By Jeremiah Jacques
“What couldn’t the F-4 Phantom do?” So headlined Air & Space Magazine in a tribute to the fighter jet that featured heavily in the United States’ fight against Communist forces during the Vietnam War. F-4s at that time, it says, “were the hottest fighter on Earth.”
One feature adding to the heat was not as game-changing as its J79 engines or its Westinghouse radar, but it enabled the F-4 to fly longer missions. It was an extra fuel tank: An aluminum, 600-gallon, centerline tank, with the front coming to an aerodynamic point. And since it was “extra,” after being emptied—or if a pilot suddenly needed increased maneuverability—the missile-shaped tank would be jettisoned and the aircraft would fly on.
From the first F-4 sortie in 1964 to the war’s end in 1975, the Aviationist says, “several thousand drop tanks were jettisoned.” In another country, these tanks might have been left to corrode in the jungles where they had crash-landed. But Vietnamese fishermen saw an opportunity in them.
Listen to the episode of The Sun Also Rises about this inspiring topic:
Some tanks were too crumpled from the drop to be of use, but those that remained intact, the fishermen would haul to their villages. They would slice each one lengthwise, bend the remaining section further open and insert wooden thwarts to hold the shape. They would then add a small engine on the back, and viola: a fully functional, remarkably lightweight and durable fishing canoe.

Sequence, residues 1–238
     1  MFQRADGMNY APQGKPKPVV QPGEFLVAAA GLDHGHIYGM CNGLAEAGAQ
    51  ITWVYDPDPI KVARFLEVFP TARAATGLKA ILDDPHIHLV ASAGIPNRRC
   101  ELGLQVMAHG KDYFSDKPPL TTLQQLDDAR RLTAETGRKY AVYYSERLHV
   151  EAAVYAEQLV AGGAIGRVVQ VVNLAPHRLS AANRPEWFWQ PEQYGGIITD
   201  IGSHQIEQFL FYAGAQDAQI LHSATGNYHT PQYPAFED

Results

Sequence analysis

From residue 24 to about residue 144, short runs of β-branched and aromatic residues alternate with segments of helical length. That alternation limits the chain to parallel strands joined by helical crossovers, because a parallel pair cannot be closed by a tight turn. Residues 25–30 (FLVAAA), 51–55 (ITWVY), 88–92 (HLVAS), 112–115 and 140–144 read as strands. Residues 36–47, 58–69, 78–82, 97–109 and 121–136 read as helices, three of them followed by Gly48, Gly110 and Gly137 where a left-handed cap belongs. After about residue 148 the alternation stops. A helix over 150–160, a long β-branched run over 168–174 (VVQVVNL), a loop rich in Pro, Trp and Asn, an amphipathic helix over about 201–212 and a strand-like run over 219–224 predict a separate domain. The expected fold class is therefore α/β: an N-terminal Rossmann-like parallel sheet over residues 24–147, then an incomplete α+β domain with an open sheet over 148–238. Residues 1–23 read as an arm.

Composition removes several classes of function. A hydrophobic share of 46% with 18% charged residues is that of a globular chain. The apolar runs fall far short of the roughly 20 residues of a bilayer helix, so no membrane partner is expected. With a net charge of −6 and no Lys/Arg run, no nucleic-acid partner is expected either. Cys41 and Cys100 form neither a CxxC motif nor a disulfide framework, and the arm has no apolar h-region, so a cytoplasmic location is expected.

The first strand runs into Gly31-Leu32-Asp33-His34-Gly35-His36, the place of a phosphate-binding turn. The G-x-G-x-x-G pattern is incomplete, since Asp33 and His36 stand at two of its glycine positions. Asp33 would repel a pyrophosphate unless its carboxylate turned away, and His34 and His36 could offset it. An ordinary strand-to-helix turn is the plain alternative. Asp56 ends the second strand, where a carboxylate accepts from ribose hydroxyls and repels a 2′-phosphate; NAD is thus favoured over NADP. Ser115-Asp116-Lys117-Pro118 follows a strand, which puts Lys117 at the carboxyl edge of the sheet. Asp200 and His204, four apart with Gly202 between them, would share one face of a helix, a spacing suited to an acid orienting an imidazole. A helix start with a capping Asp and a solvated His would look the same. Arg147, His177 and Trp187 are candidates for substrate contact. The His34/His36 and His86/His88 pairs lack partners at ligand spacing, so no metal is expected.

In some Vietnamese river systems today, there are hundreds and hundreds of these fishing canoes still in use. In the mornings, fishermen load into what was designed as part of a weapon to annihilate people, and they return in the afternoon with a catch to feed to their families and sell in local markets. They turned “swords” of the sky into “plowshares” of the river.
Following the collapse of the Soviet Union in the early 1990s, farmers in Ternopillya, Ukraine, were suddenly free from the Communist yoke and eager to boost agricultural productivity of their farms. But they had limited funds available for new machinery.
Meanwhile, since the Cold War had suddenly ended, the government found itself with a surplus of tanks on its hands. And it was willing to sell them at bargain bin rates. It didn’t take long for the Ukrainians to see that each of these two problems could solve the other.
The bbc reported that the first Soviet tank was sold to farmers “for a third the price of a tractor.” They then set to work converting it from a weapon of war into a tool of the field. They removed the tank’s barrel and welded a massive bulldozer blade in its place. They then attached a large plow to the back. The result was a versatile and powerful tractor. Ukraine’s Novyy Kanal discussed the vehicle’s year-round usefulness, writing: “In spring, the tank tills the soil, in autumn it plows, and in winter it clears away the snow.”